Brand Marketing

Bodog’s CEO Responds

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In his response to my post, Calvin Ayre, CEO of Bodog misinterpreted my thoughts. In reference to my blog post about branding vs. generic domain names, Calvin stated, “I don’t agree with his thinking that a brand cannot rebuild itself when its domain name is generic.”

What I said was, “Yes, a brand can be built around a generic domain name, as demonstrated by the Hotels.com example. However, I don’t think a generic domain name should be used to rebuild a brand.” I agreed with Bodog’s decision to continue with the Bodog brand rather than buying a generic domain name, as Frank Schilling recommended.

I think Bodog’s strategy is spot on, and not only are they not losing customers, all of the news surrounding this news story is certainly allowing Bodog to reach more customers. After reading all of the news events, people know what Bodog is, people know what Bodog does, and most importantly, people know where to find Bodog. The point of my blog post was that Bodog was smart to keep the Bodog brand, even though their original domain name was taken.

On a side note, it’s great to see a CEO like Calvin take the time to blog.  

Branding vs. Generic Domain Names

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With few exceptions, company brands and generic domain names are opposites. The objective of a brand manager is to distinguish his brand from the competition. The objective of a generic domain name owner is to provide content or advertising links that are general enough to interest the visitors. A brand manager ultimately wants to build loyalty to his brand so the visitor becomes a customer and returns. A typical generic domain owner wants a visitor to click through and possibly provide enough interesting content that the visitor returns so he can click again.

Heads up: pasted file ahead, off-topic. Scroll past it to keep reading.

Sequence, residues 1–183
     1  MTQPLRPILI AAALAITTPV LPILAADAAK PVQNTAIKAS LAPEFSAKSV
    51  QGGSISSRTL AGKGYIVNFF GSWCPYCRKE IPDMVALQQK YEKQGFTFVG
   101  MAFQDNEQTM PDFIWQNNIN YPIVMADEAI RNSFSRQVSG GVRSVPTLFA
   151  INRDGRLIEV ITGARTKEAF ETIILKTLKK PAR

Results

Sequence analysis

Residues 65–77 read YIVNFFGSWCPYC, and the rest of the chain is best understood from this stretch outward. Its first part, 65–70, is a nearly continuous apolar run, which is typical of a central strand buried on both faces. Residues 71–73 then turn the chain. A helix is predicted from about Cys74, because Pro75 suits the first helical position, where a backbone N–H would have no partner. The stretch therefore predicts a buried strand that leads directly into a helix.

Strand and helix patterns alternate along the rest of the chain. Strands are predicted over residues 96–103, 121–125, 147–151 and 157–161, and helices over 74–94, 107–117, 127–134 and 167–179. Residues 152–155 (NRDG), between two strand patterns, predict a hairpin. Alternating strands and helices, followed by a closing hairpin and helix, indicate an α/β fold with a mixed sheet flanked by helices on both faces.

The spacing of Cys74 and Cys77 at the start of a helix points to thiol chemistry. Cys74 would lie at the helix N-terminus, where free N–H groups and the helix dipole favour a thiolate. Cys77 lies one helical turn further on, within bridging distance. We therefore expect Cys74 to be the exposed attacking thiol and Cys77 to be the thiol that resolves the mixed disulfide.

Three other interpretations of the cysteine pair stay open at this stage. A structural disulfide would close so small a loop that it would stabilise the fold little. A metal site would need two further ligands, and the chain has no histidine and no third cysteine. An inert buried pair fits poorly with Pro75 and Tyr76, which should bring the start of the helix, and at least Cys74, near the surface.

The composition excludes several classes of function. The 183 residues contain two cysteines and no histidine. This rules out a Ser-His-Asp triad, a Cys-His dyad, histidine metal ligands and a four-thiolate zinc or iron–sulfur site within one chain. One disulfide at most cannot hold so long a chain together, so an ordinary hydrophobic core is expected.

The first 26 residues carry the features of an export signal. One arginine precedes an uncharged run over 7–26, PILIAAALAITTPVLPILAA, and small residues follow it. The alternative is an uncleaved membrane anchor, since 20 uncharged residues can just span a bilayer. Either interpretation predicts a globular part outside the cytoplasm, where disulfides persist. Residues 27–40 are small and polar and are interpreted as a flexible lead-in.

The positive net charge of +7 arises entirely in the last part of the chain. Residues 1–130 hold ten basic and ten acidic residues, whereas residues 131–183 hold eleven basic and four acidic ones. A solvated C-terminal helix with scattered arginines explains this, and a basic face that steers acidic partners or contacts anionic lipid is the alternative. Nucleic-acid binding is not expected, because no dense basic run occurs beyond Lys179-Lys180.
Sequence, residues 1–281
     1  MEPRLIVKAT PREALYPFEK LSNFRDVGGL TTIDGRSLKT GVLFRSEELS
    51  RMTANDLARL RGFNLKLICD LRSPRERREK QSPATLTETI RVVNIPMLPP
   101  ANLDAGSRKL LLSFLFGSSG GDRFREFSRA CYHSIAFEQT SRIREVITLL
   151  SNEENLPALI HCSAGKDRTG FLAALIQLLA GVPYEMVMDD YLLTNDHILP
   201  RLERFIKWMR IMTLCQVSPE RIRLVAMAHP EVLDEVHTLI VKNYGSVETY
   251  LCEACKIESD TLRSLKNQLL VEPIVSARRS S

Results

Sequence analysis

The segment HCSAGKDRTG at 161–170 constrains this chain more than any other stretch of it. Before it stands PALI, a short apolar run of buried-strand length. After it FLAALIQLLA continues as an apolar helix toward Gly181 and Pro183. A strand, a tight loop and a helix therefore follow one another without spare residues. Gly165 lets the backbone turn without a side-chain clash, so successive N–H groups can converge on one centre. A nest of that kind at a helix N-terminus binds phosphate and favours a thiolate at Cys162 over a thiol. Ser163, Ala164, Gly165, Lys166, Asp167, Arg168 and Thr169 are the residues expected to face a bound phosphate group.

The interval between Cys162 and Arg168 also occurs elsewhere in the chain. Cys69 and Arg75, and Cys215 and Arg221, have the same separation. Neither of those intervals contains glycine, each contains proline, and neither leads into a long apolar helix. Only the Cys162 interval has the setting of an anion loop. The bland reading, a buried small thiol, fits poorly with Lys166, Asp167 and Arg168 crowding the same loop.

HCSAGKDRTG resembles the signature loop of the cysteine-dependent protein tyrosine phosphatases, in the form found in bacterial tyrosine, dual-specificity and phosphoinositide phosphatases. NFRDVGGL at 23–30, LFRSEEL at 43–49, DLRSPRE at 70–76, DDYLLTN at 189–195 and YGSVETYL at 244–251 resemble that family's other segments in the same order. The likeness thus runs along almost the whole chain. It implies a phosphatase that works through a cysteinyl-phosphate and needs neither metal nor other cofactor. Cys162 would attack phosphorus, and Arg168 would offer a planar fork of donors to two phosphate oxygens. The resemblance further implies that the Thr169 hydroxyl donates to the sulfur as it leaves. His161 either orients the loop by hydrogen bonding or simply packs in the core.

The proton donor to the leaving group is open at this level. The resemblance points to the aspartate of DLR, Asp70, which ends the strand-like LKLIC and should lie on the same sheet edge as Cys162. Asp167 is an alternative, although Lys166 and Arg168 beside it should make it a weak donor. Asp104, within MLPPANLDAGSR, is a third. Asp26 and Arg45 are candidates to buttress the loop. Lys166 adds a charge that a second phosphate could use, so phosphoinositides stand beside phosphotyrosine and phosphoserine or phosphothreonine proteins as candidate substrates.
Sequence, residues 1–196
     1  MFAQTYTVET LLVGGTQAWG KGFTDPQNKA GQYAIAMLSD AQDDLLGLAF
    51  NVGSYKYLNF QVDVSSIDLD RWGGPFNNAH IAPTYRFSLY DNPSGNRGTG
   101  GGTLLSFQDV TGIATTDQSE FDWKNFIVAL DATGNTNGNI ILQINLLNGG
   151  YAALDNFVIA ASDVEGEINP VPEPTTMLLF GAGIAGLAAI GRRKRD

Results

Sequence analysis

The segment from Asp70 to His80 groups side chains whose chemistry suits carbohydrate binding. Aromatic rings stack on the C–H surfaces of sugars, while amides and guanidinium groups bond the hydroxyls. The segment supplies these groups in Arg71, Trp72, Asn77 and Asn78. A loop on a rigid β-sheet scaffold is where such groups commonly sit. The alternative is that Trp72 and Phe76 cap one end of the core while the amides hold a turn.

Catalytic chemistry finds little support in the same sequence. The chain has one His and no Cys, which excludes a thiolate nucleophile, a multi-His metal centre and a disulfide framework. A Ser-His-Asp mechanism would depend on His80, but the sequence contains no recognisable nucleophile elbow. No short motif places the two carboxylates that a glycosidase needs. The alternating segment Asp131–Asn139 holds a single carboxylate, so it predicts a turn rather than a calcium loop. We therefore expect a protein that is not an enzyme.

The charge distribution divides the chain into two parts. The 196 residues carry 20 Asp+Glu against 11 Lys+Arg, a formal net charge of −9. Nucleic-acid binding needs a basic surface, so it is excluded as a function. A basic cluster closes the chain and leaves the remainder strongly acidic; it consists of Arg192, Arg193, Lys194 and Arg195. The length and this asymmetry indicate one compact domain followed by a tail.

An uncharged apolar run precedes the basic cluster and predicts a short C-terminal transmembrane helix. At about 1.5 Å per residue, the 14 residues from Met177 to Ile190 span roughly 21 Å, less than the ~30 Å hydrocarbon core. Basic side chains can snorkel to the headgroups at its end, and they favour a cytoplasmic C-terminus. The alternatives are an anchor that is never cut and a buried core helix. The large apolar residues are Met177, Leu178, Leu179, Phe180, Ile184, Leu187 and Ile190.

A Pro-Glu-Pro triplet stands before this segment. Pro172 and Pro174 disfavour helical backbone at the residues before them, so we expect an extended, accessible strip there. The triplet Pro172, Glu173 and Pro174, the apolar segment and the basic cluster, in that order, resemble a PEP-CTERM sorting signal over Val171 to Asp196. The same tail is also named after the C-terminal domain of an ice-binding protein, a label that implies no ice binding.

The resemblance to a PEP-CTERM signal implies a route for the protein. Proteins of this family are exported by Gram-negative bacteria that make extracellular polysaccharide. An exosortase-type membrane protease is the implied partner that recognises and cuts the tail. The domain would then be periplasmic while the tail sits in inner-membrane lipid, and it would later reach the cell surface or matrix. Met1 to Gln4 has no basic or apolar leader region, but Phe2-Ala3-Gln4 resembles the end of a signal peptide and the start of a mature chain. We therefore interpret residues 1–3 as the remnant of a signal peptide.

An exception to this is Hotels.com. They have built their brand around a generic domain name. When a person wants to find a hotel at a good price or when they want to read reviews about various hotels, they specifically navigate to the brand, Hotels.com. When a person who doesn’t know about Hotels.com (the company) navigates to Hotels.com, they are looking to find a hotel. This is a prime example of a brand being built around a generic domain name, giving the loyal Hotels.com customer and the random visitor the same valuable information, while building brand recognition and loyalty for both.

In the case of Calvin Ayre’s Bodog brand, the company wants its clients and potential clients to gamble at BodogLife.com and partake in the “Bodog lifestyle.” When the brand was threatened recently, Bodog changed their domain name from Bodog.com to NewBodog.com and then finally to BodogLife.com. Although the domain name changed, the brand and messaging remained constant.

In his blog, Frank Schilling argues that “Calvin should have used this opportunity to buy InternetCasino.com from Xedoc.” As much as I respect Frank, I disagree with him. First, InternetCasino.com would have been a very expensive acquisition for Bodog – probably much more than the value they would receive in return. Not only would this have changed the domain name, but it would have completely altered the brand and the lifestyle portrayed. Visitors to InternetCasino.com are looking for a place to place their bets. Bodog customers are looking for Calvin.

Integrating a brand with a generic domain name doesn’t usually make sense. Yes, a brand can be built around a generic domain name, as demonstrated by the Hotels.com example. However, I don’t think a generic domain name should be used to rebuild a brand.

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